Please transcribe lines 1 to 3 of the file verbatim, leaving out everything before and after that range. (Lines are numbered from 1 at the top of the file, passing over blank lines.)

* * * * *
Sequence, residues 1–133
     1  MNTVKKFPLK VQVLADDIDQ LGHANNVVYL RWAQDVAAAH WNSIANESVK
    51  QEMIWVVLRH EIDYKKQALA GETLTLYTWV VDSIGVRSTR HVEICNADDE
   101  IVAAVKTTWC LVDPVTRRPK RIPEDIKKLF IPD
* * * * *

Sequence, residues 1–133
     1  MNTVKKFPLK VQVLADDIDQ LGHANNVVYL RWAQDVAAAH WNSIANESVK
    51  QEMIWVVLRH EIDYKKQALA GETLTLYTWV VDSIGVRSTR HVEICNADDE